Disclaimer: I was provided with a free copy of this book in exchange for an honest review.
The author is a friend. I have done my best to give an unbiased review.
Nera has been fascinated by dragons all her life. Now, as a Rift Rider Lieutenant, her chance to see them up close has come. The appointment to spend five years as an escort to the human ambassador seems like the ultimate honour and gift, but the dragons she studied in training don’t come anywhere close to the reality awaiting her inside the Dragonlands.
Elder Khennik kin Blazeborn Clan Sunlord has no interest in humans. Thanks to the Cloud Curse that their kind brought down upon the Overworld, Khennik’s kin are close to losing their ancestral desert homelands forever. When he’s assigned as a delegate to the humans upon their arrival, he can’t believe his bad luck. Unlike some dragons, he has no wish for more power or responsibility, but he can’t seem to avoid collecting them. From his desperate kin to his nervous aide, right along to the useless humans, Khennik dreams of the day when he can return to his desert home.
Regardless of personal dreams and opinions, both humans and dragons are about to learn that they often have more in common than they might think or wish. And when trouble descends, the true friends you can count on have little to do with species – and everything to do with spirit.
If you’ve been following this blog for a while, you’ll know I’ve been enjoying Becca’s online serial Wingborn. After all, who doesn’t love Regency-inspired fantasy complete with giant eagles? Blazing Dawn is set in the same world, albeit at least a hundred years in the past. Dragons still roam the Overworld and women are still very much a part of the Rift Riders.
In fact, the women seem to outnumber the men in this particular contingent of the Rift Riders and there are a plethora of other female characters. One of the things that I enjoyed about the book was the way it opened with female friendship. Nera and Anhardyne are opposites in both looks and personality, but are nevertheless firm friends. So I was a little disappointed to see their friendship take a backseat to the action and romance.
But only a little disappointed. The romantic relationships run the gamut of pairings, with m/f, m/m and f/f all present–though it should be stated the m/f relationships tended to be the ones in the spotlight. However, it was the m/m relationship that I enjoyed the most and led to much squeeing over their adorableness. There was also a genderqueer dragon, which surprised and delighted me.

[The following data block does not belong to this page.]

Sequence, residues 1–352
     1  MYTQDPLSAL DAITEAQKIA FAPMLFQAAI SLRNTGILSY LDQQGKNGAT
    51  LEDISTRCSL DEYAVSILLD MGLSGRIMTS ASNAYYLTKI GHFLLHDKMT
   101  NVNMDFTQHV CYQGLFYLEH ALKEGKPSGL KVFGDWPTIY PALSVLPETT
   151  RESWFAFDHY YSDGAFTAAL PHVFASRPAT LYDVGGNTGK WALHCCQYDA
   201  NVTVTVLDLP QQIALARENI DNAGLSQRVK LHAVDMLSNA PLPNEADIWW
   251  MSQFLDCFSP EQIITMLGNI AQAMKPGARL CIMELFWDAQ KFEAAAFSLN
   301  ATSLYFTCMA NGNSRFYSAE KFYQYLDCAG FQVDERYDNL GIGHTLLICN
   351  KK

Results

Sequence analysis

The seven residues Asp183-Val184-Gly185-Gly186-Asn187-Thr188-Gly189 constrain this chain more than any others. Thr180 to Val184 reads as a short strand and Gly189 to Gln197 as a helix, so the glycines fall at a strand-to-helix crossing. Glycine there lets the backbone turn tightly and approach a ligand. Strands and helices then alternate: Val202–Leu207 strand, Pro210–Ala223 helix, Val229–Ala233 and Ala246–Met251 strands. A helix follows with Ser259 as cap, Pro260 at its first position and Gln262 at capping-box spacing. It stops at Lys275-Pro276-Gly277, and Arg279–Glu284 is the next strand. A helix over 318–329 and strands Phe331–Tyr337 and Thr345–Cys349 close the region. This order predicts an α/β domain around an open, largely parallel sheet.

Nera and Khennik are both great characters. Nera is a shy introvert who has only recently made lieutenant. She prefers to let her friends have the spotlight. But get her doing what she loves–namely flying, acrobatics, movement and any combination of the three–and she shines. She’s a character who values duty and loyalty. So it’s no wonder the overly dour Khennik ends up being drawn to her. Now that the Cloud Curse has swallowed up his one joy in life, all that Khennik has left is his duty to his people and his determination to halt the curse. It’s no wonder he starts off as such a grumpy fellow. Watching him soften after a run-in with Nera was a treat.
The Overworld looks a little different in Blazing Dawn than it does in Wingborn. Not only are dragons still present, but their presence makes other things possible, such as airships. I enjoyed these changes and the way they build up the history of the world. This was reinforced by Khennik’s preoccupation with the Cloud Curse, a feature of the world which doesn’t get explored much in Wingborn.
Around the halfway mark, the story shifts its focus significantly in a way that didn’t entirely work for me. Until then, the focus had been very much on the romance and the relationship more generally between the humans and the dragons. The dragons stole the limelight in the second half. While it was interesting to see the humans realise their powerlessness in comparison, it wasn’t in keeping with the themes of equality and cooperation that had been present up until that point. I also found the change a little jarring, as the villain didn’t feel properly integrated with the rest of the story. One scene in particular got surprisingly dark.
However, I generally found Blazing Dawn to generally be a light, fun read with plenty of Lusher’s trademark banter. I’m looking forward to the sequel.